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Used test: BMW 1 Series vs Mercedes A-Class: interiors

Buy either of these desirable family cars at a year old instead of new and you'll save more than £10,000, but which is the better option?...

BMW 1 Series interior

Interiors

Driving position, visibility, build quality, practicality

A sound driving position and simple controls are always the ideal, but which of these cars does those better? The short answer is the 118d, but the devil is in the detail. For example, whatever your size, you should find enough range of adjustment in both driving positions, but the 118d’s seat drops a little lower and its steering wheel extends a fraction farther out.

The A200d comes equipped with a 7.0in digital instrument display, while the 118d makes do with analogue dials. Each of our test cars came carrying an upgrade added as an option when ordered new; the A200d’s Premium Plus Pack included a bigger (10.3in) instrument display and an equivalent increase in size for the infotainment screen, while the 118d’s digital dials were part of the optional Tech Pack II, which also added a fancy head-up display. Our research suggests that these options were added to about half of all A200ds and 118ds. 

Infotainment-wise, the 118d's iDrive system comes with a brilliantly easy to use rotary controller, as well as a touchscreen and a natural speech voice control setup. The larger (10.3in) touchscreen on our test car was an option from new.  

Mercedes A-Class interior

In the A200d, the standard 7.0in touchscreen could likewise be enlarged to a 10.3in screen, as mentioned earlier, by specifying one of the upgrade packs. Aside from the touchscreen, there’s a trackpad controller that’s fiddlier to operate than BMW’s iDrive dial, but the system is otherwise responsive and easy to use.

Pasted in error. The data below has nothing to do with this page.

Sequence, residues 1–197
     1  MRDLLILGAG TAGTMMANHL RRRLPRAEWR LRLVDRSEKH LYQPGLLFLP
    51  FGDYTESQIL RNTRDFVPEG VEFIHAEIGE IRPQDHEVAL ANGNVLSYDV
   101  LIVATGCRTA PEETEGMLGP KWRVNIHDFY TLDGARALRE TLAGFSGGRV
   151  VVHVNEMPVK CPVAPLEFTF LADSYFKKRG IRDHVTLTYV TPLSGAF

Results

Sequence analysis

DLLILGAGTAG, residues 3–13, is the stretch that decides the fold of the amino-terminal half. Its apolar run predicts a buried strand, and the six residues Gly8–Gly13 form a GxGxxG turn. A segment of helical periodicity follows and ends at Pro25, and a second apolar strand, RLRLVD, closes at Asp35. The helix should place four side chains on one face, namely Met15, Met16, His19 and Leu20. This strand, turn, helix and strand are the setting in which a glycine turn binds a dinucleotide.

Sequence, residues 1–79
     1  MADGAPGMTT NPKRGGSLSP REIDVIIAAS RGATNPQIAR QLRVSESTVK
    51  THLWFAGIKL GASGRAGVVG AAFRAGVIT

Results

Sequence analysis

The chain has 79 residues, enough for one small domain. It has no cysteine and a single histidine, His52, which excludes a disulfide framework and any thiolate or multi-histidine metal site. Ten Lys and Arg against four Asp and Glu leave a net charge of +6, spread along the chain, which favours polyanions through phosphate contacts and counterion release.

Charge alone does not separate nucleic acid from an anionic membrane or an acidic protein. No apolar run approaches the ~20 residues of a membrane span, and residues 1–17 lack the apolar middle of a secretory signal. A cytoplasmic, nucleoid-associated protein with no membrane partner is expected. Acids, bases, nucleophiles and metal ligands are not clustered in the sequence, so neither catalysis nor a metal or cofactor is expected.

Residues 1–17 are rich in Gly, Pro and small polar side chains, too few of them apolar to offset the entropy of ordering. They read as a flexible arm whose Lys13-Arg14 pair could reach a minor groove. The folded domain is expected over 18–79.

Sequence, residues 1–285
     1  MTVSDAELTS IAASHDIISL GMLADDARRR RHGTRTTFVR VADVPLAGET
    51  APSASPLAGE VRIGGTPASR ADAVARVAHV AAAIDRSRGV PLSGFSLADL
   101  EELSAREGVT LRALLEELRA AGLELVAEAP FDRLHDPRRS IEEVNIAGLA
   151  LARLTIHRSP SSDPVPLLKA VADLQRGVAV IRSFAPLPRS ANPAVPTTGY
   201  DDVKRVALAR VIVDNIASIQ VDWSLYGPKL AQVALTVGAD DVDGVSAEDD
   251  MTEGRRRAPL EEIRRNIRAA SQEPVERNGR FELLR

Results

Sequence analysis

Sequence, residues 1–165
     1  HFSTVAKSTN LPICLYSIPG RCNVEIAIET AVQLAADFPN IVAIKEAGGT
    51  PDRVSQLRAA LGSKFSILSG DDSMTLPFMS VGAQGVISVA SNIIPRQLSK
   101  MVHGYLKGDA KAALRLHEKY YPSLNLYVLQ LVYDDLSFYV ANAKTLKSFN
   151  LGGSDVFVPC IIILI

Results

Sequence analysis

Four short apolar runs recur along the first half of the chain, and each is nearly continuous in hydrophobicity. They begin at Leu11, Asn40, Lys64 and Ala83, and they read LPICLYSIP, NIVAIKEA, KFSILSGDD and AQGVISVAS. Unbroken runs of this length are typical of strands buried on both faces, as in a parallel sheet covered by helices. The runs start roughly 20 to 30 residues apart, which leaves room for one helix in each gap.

These cars’ slim and chamfered windscreen pillars are relatively easy to see past, making the view forwards as clear as you would hope. The view out of the back isn’t great, but you do get a rear-view camera on the A200d and front and rear parking sensors on the 118d. Speaking of visibility, both cars also get bright LED headlights that light the way clearly at night.

Inside, the A200d is more about glitz and glamour; you get what many will consider a spectacular design, with a rich mix of materials, and the ambient interior lighting (part of that Premium Plus Pack) is like a well-choreographed light show to keep the party going after dark.

BMW 1 Series rear seats

Yet some of the plastics lower down inside the A200d feel less appealing, and the build quality is questionable; the heater control panel deflects when you use it, for example, and the outer air vent surrounds wobble. The 118d, on the other hand, is like an Anglepoise lamp: its design is less flamboyant and full of sharply intersecting angles, but it shouts engineering integrity very loudly indeed.

Both of our cars were fitted with optional panoramic sunroofs that reduce head room, but the A200d ends up with the least in the front. Still, as long as you aren’t way over 6ft tall, you’ll be fine in both. You’ll have masses of leg room, too, but the 118d has an extra couple of centimetres of that as well.

They’re not lacking storage space, either. Each has a place for cups in the centre console, for bottles in the decent-sized door bins and for anything you want hidden in the large glovebox or the cubby under the front armrest.

Mercedes A-Class rear seats

Strangely, for premium cars, neither offers rear passengers the luxury of a folding centre armrest. But the rear space in the 1 Series is miles better than it was in the previous rear-wheel-drive model, bringing it on par with the A-Class. There are roomier family hatchbacks out there, but these two provide enough rear head and leg room for two tall people, with the A200d having a fraction more of the former and the 118d a smidge more of the latter. Seating three adults abreast is quite a squeeze, although the smaller hump running down the centre of the A200d’s floor makes life better for the person in the middle. 

It’s easier to split the two on luggage space. The A200d’s boot is longer, allowing us to cram in six carry-on suitcases. The 118d’s boot manages just five. On the plus side, it has a lower loading lip than the A200d and lots more storage under its boot floor. Thoughtfully, this floor can be clipped open, so you’re not propping it up with an elbow while loading or unloading.

When you need more room, the A200d’s 40/20/40 split-folding rear seats provide extra flexibility. 

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